The high-profile decision the other day by the U.S. Supreme Court allowing student athletes at colleges and universities to receive upgraded educational-related benefits beyond those currently limited by their governing body, the National Collegiate Athletic Association (NCAA), could lead to a number of changes in college athletics.
One is the imminent likelihood of allowing athletes to receive compensation from outside sources for endorsements, testimonials, and the like. Although not expressly addressed by the Supreme Court in its June 21 ruling in NCAA v. Alston et al., that clearly is on the horizon, especially because a number of states have adopted laws to that effect.
But there is another less visible change looming, perhaps of even greater significance, and it stems from litigation right here in Minnesota. Three weeks before the Supreme Court decision, the Eighth Circuit Court of Appeals, the federal court that oversees federal litigation in Minnesota and six surrounding states, reversed a lower court ruling by the Federal District Court in Minnesota that had dismissed a lawsuit bought by 10 Black University of Minnesota football players, claiming discrimination on how they were treated in connection with an investigation and ensuing discipline for a sexual encounter that occurred on campus during the Gopher football season five years ago. That case, John Does 1-2 v. Regents of University of Minnesota, permits the 10 football players to proceed with a lawsuit claiming gender discrimination on the part of the university in how they were treated, including suspension and other discipline.
While the original lawsuit claiming a variety of transgressions was pared down in the appellate court decision written by Judge James Loken, a Minnesotan, it nonetheless provides a vehicle for compensation for the affected students and, perhaps, a change in how internal investigations are conducted at the U and other educational institutions.
The possibility of unionizing
Beyond the specifics of that case, the ruling in the U of M litigation may resuscitate an issue that seemed to have been laid to rest a few years ago: the undertaking of unions by big-time college athletes. That development may have much broader impact for college athletics than the reverberations from Supreme Court’s decision in the NCAA case, which will largely be confined to highly visible athletes in the two largest revenue-generating sports, football and basketball, at big-time programs.
The possibility of unionizing, however, has more extensive implications. If unionization transpires, it will owe much to another occurrence here in Minnesota, the boycott by U of M football team in response to that flawed internal investigation and suspension of their teammates that formed the basis for the recent Eighth Circuit litigation. It will be recalled that in reaction to the disciplinary action taken against teammates by the university at the time, the squad refused to practice for the upcoming end-if-season Holiday bowl game in San Diego. The boycott was an attempted strategic lever by the teammates of the disciplined colleagues to demand their reinstatement along with apologies and resignations of the athletic director, Mark Coyle, who imposed the suspensions, and then-University President Eric Kaler, who supported it.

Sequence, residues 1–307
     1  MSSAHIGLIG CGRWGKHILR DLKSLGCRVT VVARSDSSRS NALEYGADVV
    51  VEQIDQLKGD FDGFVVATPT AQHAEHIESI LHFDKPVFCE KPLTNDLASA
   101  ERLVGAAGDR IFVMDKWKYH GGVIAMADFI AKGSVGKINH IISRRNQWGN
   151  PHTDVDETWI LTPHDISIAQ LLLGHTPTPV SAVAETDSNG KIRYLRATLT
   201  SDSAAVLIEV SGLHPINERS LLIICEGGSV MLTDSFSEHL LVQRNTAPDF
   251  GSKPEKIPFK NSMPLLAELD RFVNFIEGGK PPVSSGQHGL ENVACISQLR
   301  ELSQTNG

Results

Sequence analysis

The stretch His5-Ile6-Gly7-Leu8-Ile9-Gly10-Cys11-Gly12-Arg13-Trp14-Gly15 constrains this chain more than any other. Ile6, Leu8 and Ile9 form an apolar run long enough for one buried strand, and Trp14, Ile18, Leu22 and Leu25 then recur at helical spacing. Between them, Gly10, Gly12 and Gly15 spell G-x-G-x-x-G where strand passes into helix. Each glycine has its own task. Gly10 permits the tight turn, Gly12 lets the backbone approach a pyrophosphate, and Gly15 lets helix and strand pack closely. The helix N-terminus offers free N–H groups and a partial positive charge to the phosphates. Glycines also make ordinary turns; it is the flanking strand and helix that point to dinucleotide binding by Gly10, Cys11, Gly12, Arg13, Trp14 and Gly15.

After three days, the protest petered out and the players returned to practice to prepare for the game against Washington State, grudgingly bowing to the reality that, as one player put it, their “demands are not going to happen.” With hiatus in practice for the game over, the Gophers proceeded to play in the game, defeating Washington State 17-12, which turned out to be the final game for Coach Tracy Claeys. He was replaced with P.J. Fleck, who came to campus to “row the boat” and has been doing it ever since.
The impromptu audible call by the players may not have been necessary and the ensuing chaos could have been averted or minimized had other means of recourse been available to the players at the time. One avenue of relief could have been a labor union representing the interests of the players. If a union had been in place, university officials would not have been able to take such precipitous action. Instead, they would have been obligated to accord certain rights to the accused players, including giving them a preliminary hearing, known as a Loudermill procedure, to allow them to state their case against discipline, which might have deterred the authorities from their excessive over-reaction. Even if discipline had been imposed, the players could have pursued a multistep dispute appeal process, culminating in arbitration proceeding before a neutral decision-maker.